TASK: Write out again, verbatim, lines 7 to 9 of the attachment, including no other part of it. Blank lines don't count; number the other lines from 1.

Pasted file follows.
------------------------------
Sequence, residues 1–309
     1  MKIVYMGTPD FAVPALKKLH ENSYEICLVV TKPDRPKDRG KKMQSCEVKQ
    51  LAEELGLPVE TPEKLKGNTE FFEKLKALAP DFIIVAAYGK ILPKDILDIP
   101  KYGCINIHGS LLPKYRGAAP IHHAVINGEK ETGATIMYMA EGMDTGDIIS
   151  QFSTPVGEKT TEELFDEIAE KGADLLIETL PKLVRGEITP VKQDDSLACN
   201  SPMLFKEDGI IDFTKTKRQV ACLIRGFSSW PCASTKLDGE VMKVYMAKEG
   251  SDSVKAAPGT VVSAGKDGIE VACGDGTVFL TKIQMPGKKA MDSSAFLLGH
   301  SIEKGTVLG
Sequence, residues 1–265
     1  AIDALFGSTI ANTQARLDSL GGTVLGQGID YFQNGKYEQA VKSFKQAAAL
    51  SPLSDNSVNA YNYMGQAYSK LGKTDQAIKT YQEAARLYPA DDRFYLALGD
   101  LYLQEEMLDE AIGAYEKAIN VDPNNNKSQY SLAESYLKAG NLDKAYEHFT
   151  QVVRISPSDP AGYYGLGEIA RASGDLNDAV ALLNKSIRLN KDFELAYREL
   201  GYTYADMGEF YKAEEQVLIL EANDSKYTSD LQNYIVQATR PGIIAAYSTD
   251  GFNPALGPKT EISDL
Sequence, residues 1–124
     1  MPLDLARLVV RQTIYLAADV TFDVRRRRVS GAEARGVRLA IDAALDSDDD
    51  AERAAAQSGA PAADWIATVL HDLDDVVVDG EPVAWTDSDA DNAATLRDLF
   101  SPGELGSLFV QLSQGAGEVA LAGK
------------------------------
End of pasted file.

   251  SDSVKAAPGT VVSAGKDGIE VACGDGTVFL TKIQMPGKKA MDSSAFLLGH
   301  SIEKGTVLG
Sequence, residues 1–265